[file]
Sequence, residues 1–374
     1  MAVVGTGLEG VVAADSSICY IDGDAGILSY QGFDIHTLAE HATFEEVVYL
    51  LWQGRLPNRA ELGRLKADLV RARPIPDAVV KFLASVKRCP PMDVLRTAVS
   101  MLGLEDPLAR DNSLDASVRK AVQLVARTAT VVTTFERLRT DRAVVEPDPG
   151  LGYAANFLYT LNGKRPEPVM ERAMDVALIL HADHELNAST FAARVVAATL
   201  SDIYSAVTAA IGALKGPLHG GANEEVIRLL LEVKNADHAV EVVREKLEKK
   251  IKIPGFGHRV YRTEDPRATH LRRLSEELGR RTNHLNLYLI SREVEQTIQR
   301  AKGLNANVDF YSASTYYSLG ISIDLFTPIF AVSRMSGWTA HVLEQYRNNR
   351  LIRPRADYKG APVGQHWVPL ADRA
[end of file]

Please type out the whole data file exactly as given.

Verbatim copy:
Sequence, residues 1–374
     1  MAVVGTGLEG VVAADSSICY IDGDAGILSY QGFDIHTLAE HATFEEVVYL
    51  LWQGRLPNRA ELGRLKADLV RARPIPDAVV KFLASVKRCP PMDVLRTAVS
   101  MLGLEDPLAR DNSLDASVRK AVQLVARTAT VVTTFERLRT DRAVVEPDPG
   151  LGYAANFLYT LNGKRPEPVM ERAMDVALIL HADHELNAST FAARVVAATL
   201  SDIYSAVTAA IGALKGPLHG GANEEVIRLL LEVKNADHAV EVVREKLEKK
   251  IKIPGFGHRV YRTEDPRATH LRRLSEELGR RTNHLNLYLI SREVEQTIQR
   301  AKGLNANVDF YSASTYYSLG ISIDLFTPIF AVSRMSGWTA HVLEQYRNNR
   351  LIRPRADYKG APVGQHWVPL ADRA